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What you see on Katrina video depends on your view of Bush
San Francisco Chronicle


March 04, 2006

WASHINGTON - The video of top aides warning President Bush of a looming catastrophe in New Orleans a full day before Hurricane Katrina hit is likely to play a prominent role in the story of the Bush presidency.

The subject of this particular meeting happened to be a natural disaster, but to many Americans, it might as easily have been Iraq, national security or the economy.

Critics see a president ignoring warning signs, displaying no inquisitiveness and expressing unfounded confidence in his administration's capabilities, with disastrous consequences.




Supporters see an engaged chief executive taking control of a situation and being unfairly blamed for circumstances beyond his control.

There is no "smoking gun" in the Aug. 28 videotape to prove either assertion, though the publicity surrounding the conversations is likely to reinforce perceptions of Bush as ineffectual, a notion that his sinking approval ratings suggest is already widely held.

Most of the substance of the discussions between Bush and his top disaster officials has been reported previously. Yet the pictures provide a rare glimpse into the government's preparation for a disaster and fodder for Democrats such as Rep. Rahm Emanuel of Illinois, head of the House Democrats' campaign committee, who took to the House floor Thursday to declare: "Forget the compassionate conservative we were promised in 2000. At this point, I would settle for a competent conservative."

The images - played and replayed on television - are not complimentary given the advantage of hindsight.

Michael Brown, who later would resign his post as director of the Federal Emergency Management Agency, gives Bush a dire warning of the storm's potential, saying, "My gut tells me ... this is a bad one and a big one."

Max Mayfield, director of the National Hurricane Center, warns of a "very, very grave concern" that the Lake Pontchartrain levees could overflow.

And then there is Bush, from a windowless room at his ranch in Crawford, Texas, assuring local officials that the federal government is "fully prepared" to assist during the storm and to "move in whatever resources and assets we have at our disposal after the storm."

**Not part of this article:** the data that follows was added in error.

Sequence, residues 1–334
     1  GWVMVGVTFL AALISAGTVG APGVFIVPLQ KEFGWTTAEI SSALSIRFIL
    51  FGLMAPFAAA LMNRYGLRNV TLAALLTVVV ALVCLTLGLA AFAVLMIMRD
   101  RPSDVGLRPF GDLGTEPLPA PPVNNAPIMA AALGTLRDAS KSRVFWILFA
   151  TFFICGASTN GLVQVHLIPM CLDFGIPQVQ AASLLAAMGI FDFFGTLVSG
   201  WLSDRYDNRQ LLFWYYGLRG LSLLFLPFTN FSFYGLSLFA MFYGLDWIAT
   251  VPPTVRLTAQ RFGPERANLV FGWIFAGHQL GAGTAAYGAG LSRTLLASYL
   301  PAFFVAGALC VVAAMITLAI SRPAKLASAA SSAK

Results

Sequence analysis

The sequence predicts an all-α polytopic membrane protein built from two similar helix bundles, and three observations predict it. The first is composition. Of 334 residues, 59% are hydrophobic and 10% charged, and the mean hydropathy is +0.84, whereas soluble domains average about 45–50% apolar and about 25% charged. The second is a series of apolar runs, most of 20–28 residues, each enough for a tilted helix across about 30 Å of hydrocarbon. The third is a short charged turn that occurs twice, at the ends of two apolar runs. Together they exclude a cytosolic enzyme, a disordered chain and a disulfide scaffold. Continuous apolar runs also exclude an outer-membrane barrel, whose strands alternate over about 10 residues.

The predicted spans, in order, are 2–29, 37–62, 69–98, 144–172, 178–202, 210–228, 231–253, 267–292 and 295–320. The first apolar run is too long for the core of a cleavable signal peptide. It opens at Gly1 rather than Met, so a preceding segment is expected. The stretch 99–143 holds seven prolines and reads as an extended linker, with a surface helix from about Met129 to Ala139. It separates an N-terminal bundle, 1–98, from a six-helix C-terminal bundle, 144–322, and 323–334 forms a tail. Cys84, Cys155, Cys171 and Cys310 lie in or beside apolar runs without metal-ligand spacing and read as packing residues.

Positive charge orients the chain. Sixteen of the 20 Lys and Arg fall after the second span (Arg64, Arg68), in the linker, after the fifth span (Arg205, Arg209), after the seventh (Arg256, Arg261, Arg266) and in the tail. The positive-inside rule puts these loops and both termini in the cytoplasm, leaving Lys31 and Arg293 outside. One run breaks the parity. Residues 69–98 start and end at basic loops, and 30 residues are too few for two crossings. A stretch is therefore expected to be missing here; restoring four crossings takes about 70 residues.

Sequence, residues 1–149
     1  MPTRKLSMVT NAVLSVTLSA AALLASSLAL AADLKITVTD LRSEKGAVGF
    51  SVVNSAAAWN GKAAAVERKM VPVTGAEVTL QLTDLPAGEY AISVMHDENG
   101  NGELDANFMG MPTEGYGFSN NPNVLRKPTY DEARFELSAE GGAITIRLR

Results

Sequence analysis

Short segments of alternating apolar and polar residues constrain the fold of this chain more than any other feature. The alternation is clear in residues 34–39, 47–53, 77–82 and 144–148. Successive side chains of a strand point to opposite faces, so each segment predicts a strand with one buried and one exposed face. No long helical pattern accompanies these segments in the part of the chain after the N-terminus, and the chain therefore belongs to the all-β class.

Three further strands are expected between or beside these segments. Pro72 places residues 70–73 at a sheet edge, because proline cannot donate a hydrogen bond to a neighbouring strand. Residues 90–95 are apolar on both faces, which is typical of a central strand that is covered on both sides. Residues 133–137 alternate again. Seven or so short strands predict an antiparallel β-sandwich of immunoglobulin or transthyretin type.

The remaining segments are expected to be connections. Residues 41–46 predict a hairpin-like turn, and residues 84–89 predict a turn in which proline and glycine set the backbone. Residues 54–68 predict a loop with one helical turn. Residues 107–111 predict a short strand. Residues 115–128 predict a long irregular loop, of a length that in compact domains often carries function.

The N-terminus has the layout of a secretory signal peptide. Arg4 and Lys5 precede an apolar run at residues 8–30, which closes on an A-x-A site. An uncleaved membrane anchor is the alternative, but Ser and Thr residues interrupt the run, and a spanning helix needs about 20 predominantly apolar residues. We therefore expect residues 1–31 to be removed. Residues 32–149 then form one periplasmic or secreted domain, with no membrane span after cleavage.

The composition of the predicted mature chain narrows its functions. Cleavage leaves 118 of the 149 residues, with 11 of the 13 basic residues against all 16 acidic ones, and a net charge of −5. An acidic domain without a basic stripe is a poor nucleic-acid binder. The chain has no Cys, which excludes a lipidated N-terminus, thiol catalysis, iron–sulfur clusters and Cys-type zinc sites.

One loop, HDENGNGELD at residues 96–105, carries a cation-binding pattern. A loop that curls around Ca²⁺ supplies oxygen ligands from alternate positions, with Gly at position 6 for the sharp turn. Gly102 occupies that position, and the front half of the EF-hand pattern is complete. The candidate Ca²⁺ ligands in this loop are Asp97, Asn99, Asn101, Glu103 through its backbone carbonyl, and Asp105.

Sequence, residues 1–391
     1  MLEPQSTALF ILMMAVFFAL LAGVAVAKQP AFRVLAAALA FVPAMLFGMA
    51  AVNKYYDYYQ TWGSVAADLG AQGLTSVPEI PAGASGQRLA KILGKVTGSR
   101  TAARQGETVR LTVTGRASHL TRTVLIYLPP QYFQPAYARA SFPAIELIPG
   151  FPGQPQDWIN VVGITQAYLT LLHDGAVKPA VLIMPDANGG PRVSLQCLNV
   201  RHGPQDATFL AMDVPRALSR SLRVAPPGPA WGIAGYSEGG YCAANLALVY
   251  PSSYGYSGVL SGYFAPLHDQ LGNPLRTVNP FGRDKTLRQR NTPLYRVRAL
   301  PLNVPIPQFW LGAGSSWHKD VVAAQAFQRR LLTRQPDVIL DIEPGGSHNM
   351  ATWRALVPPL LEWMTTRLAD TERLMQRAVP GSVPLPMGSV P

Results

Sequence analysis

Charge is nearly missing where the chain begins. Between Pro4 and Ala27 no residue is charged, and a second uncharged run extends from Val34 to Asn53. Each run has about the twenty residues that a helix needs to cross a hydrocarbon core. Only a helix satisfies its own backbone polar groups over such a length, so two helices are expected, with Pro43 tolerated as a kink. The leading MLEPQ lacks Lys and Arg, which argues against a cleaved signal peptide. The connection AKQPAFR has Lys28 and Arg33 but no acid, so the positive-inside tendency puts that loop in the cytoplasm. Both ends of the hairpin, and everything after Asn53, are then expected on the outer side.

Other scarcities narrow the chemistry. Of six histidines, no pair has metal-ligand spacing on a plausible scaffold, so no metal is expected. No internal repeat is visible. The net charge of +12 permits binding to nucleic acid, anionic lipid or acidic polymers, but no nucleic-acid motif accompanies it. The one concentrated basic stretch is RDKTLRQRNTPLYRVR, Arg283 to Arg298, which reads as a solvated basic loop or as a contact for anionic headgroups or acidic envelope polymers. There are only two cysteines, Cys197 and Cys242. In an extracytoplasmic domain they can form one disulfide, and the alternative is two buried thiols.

Four days later, with hundreds of New Orleans residents dead and the city underwater, Bush insisted in an interview with ABC News: "I don't think anybody anticipated the breach of the levees."

Stephen Hess, a professor at George Washington University and a one-time aide to President Dwight Eisenhower, has frequently defended Bush against his critics, but he said the tapes "remind us of the incompetence that was displayed."

"We're watching the president of the United States ... expressing confidence in what the federal government can do - and we know that the next day, all hell broke loose and they weren't there," Hess said.

"An administration that really explained itself and defined its being by how it could and would protect the American people within four years of 9/11 is given another opportunity, in another shape and form - and it was a failure," he said.

At the same time, the video demonstrates that federal officials were not ignoring Katrina's approach, even if they were not able to prevent its devastation, and that no one could foretell the damage with any certainty.

As television stations repeatedly replayed Mayfield's concerns about the levees, they mostly skipped his prediction moments earlier that New Orleans would escape serious flooding.

Mayfield, talking about a potential 12-1/2-foot storm surge in Lake Pontchartrain, said: "The big question is going to be: Will that top some of the levees? And the current track and forecast we have now suggest that there will be minimal flooding in the city of New Orleans itself."

Mayfield went on to caution that the "storm-surge model is only accurate within about 20 percent."

And there is Bush, who was criticized for staying on vacation, being briefed on a Sunday afternoon at his Texas ranch in what White House aides said was but one of numerous hurricane meetings before he returned to Washington.

"We are looking at this one videoconference in isolation," said Richard Falkenrath, former deputy homeland security adviser to Bush and now a fellow at the Brookings Institution think tank in Washington. "I wouldn't conclude based on this that this was the full extent to his involvement."

Falkenrath said that videoconferences in such instances are common but that the more people involved, the less candid the discussions tend to be. He noted that for all the warnings of the storm's potential, there was little discussion from any staff members about evacuating residents or other steps that could have been taken to minimize the catastrophe.

The political potency of the issue was evident Thursday night as a bipartisan delegation of 34 members of Congress from 18 states descended on New Orleans for a post-Mardi Gras look at reconstruction efforts.

Before she left Washington, House Democratic leader Nancy Pelosi of California said, "The video is an eloquent statement."

"It speaks very clearly to the fact that there was a predictable tragedy that was about to befall the people of that region, and the administration's response was inadequate," said Pelosi, who led the delegation to New Orleans with House Speaker Dennis Hastert, R-Ill.

Bush supporters remained largely quiet about the videotape, which came to light two weeks after House Republicans issued a blistering report that criticized the federal government's response to the tragedy.


E-mail Marc Sandalow at msandalow(at)
Distributed by Scripps Howard News Service,

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